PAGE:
It is June 1997 and Lil Kim is a mess -I know this because she is performing at a great women of hip hop concert and she can’t speak and she can’t talk and she is stumbling and crying. Notorious B.I.G. had died a coupla months earlier and she wailed and wailed and wailed.
Two years earlier, February 14, 1995 to be exact, I am watching Hole kill at the Brookyn Academy Of Music recoding their MTV Unplugged concert. Courtney is facing her audience less than a year after her husband’s suicide and both the “Live Through This” songs and a number of new songs sound passionate and heartbreaking.
Perhaps no better than a gorgeous acoustistic “Softer, Softest”: I turn to my friend, “You can’t fake tht,” I say. But I’m wrong because just before the audience is about to be let out we are called back. There waa a problem with the mic and she has to sing “Softer, Softest” again and she does and it’s just as good.
Lil Kim’s first album, “Hardcore,” ‘s Executive Producer was Biggie and can you feel him (not to mention hear him) all over this album, even more than the Junior Mafia album. Not just “Drugs” -which figures, but “Crush On You,” “Big Mama thing”… it tooks nothing away from Lil Kim’s excellent flow to suggest this is Biggie’s, and, rightfully, this should be considered part of Biggie’s cannon.
More importantly, none of Lil Kim’s subsequent albums were in the same league as “Hardcore”; she could call herself “Notorious K.I.M.” as much as she lmight have liked. The follow up “La Bella Mafia” suxd and I didnt bother with her after that.
Courtney Love’s story is worse. the first Hole album, “Pretty On The Inside” was pretty good punk rock and “Live Through This” was a flat out grunge rock masterpiece and though Kurt Cobain doesn’t appear at all that is some jump between albums and the follow up (with way, way, way too much of Billy Corgan) was simply horrible.
Her subsequent solo “America’s Sweetheart” was no better.
Lil Kim and Courtney Love are like baseball players after they’ve given up steriods, suddenly they can’t hit the ball out of the infield.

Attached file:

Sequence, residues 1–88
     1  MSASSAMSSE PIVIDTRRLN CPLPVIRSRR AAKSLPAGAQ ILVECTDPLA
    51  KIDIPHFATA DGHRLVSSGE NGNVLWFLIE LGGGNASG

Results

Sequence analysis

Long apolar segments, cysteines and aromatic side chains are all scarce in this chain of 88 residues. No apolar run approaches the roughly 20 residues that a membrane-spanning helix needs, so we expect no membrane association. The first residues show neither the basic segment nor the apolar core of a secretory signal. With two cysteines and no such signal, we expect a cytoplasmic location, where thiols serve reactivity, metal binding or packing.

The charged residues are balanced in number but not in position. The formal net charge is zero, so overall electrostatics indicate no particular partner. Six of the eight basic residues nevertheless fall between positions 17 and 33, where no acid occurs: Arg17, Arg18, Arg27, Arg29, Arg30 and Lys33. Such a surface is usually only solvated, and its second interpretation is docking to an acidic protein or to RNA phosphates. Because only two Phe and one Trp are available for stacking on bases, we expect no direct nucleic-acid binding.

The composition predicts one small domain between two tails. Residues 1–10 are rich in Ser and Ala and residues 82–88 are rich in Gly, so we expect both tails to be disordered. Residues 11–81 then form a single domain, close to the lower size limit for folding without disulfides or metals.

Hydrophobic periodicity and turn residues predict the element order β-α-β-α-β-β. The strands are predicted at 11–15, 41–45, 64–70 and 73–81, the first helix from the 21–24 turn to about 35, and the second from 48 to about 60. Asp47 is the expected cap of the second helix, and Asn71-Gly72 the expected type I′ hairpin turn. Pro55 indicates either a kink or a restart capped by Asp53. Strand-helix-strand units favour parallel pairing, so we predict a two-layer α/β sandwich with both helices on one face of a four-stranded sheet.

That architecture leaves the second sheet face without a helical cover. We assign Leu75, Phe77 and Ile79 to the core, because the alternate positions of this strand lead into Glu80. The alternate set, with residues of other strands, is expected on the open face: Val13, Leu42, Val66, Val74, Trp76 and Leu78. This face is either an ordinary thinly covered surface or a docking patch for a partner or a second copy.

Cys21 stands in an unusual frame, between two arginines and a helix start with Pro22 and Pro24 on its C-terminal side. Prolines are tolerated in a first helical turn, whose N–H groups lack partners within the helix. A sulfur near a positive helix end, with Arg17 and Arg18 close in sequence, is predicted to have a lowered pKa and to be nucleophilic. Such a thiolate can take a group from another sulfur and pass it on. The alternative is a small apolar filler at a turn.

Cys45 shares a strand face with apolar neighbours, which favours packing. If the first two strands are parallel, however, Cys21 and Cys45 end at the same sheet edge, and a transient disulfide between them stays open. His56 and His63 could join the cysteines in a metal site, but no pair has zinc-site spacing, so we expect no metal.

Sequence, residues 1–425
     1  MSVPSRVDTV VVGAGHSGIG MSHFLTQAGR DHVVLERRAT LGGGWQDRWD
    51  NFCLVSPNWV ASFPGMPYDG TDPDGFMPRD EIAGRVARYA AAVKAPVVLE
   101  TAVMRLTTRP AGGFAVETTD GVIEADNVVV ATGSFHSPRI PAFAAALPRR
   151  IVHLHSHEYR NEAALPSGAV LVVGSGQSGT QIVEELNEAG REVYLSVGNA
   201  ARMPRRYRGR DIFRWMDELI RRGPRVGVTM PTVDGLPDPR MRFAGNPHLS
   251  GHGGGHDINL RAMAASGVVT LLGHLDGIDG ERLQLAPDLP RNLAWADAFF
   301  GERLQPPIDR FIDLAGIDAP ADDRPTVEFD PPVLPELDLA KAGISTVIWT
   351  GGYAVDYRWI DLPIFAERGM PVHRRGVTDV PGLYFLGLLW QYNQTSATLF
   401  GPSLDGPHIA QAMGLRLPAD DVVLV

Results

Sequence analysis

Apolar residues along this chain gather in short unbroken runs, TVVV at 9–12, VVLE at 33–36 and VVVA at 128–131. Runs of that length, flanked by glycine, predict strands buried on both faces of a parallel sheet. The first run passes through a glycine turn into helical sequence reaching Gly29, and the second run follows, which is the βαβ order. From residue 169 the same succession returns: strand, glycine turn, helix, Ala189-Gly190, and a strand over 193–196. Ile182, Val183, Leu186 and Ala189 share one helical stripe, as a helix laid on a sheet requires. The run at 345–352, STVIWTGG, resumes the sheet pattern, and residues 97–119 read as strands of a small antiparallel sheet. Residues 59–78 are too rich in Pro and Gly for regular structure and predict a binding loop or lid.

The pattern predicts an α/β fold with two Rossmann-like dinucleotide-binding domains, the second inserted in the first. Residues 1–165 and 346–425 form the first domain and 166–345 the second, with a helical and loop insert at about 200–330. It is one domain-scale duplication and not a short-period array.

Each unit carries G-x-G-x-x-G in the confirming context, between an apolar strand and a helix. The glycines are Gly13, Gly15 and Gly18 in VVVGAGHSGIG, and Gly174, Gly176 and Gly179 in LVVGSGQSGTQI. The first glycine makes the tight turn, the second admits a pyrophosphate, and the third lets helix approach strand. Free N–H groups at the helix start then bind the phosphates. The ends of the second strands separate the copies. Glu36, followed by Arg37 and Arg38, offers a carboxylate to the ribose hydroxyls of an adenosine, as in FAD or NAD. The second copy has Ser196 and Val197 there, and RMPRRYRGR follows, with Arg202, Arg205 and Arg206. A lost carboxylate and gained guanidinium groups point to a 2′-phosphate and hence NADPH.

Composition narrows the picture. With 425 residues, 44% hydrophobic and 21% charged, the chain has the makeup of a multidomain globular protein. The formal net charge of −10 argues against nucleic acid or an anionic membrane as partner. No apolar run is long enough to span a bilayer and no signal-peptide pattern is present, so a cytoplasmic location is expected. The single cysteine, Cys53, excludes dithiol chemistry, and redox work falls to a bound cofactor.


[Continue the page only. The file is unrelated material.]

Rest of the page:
The former Cat Steven’s career boils down to a handful of great songs before he became a starand two masterpiece albums “Teaser And the Firecat” and “Tea For the Tillerman” and the soundtrack of the great cult movie “Harold And Maude” (much of which is on “Tea”. But after that? “Catch Bull At Four’? “Foreigner”? “Buddha and the Chocolate Box”? Double ugh.
So he found religion just in time and his two Yusuf Islam albums are nothing much. They sound like Cat Stevens but the songs are not quite there like (to continue with baseball metaphors) a pitcher who has lost five miles off his fast ball.
Having said that, nothing takes me back to my teen years half as fast as Islam’s voice and watching him last night on Late Night With Jimmy Fallon was a real pleasure. I actually watched “Harold And Maude” for old time sakes afterwards. “We all know it’s better yesterday has passed…”
a seamless flow of Allenness, family friendly vibe
“And nobody ever knew it wasn’t me, literally nobody knew”
The Earliest Bird 6-24-22 – 6-30-22: Top New Recorded Release Lil Nas X’s “Late To Da Party” Featuring YoungBoy Never Broke Again, Reviewed
the typical, anthemic, declarative style
PLATO III’s sound is uniquely his own
bring house music to the world
a multimedia extravaganza of politics and poetry to a genre shifting sound
PHOTOGRAPHY EXHIBIT CELEBRATING THE 35TH ANNIVERSARY OF THE RELEASE OF APPETITE FOR DESTRUCTION FROM THE FIRST 50 GIGS
35 years to the date of the release of the seminal album
virtuosity in the folk melody
connects himself directly through the white trash, trailer park to Tupelo dirt poor
knock three times for Tony!